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I want to solve a problem and I have no idea how or where to begin. I don't even know if it's possible to solve. I tried to find any clues in books about discrete maths but I didn't find anything that could help me solve the problem.

Suppose there are n (distinctive) symbols (e.g. a, b and c). Therefore there are $n!$ possible permutations. It is possible to list all those permutations where each permutation appears only one time in that list (e.g. abc, acb, cab, cba, bca and bac).

How many ways are there to list all possible permutations if the next permutation in the list differs only by swapping two symbols and if the last permutation in the list differs with the first one only by swapping two symbols. (e.g. abc, cba, bca, bac, cab, acb). Another condition is that the first permutation in the list is always the same.

Is it possible to compute the number of possible lists without searching for all possible lists?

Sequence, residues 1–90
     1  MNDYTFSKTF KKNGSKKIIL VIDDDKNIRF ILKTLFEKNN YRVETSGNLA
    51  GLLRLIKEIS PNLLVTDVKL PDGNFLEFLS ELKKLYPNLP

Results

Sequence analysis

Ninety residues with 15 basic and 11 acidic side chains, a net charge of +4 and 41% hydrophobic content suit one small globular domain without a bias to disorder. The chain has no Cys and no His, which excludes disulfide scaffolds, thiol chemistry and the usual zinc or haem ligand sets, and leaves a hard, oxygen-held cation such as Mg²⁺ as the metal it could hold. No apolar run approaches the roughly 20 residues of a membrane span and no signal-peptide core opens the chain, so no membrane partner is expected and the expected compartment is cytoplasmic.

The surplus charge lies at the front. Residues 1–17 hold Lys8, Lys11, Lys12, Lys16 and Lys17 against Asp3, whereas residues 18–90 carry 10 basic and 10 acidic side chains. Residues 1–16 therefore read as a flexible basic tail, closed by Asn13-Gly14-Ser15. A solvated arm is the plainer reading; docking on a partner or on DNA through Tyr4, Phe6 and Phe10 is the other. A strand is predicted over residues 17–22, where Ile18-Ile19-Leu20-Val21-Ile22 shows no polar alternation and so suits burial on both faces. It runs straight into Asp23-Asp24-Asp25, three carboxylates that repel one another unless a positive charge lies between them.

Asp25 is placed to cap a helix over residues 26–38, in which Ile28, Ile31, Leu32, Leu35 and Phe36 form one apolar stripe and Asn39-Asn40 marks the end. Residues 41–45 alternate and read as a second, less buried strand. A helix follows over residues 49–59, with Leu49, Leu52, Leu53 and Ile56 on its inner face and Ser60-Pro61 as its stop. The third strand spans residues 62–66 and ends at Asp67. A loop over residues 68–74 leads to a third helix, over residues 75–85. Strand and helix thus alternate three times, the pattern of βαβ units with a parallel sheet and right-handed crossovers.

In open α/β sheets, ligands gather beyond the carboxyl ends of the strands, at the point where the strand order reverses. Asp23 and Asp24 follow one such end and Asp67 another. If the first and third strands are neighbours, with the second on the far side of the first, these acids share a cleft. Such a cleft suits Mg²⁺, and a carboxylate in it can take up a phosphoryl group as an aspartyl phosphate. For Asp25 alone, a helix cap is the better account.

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I don't know any results in this particular area, but here's my initial thought. The group of permutations of a set $\Omega$ is called the symmetric group, Sym$(\Omega)$. We can generate a graph, called the Cayley graph of Sym($\Omega$), because this group is generated by "involutions": those permutations that switch two set elements. Your question is equivalent to counting Hamilton cycles of this Cayley graph, but that's all I can tell you. – pjs36 Jan 23 '14 at 21:03

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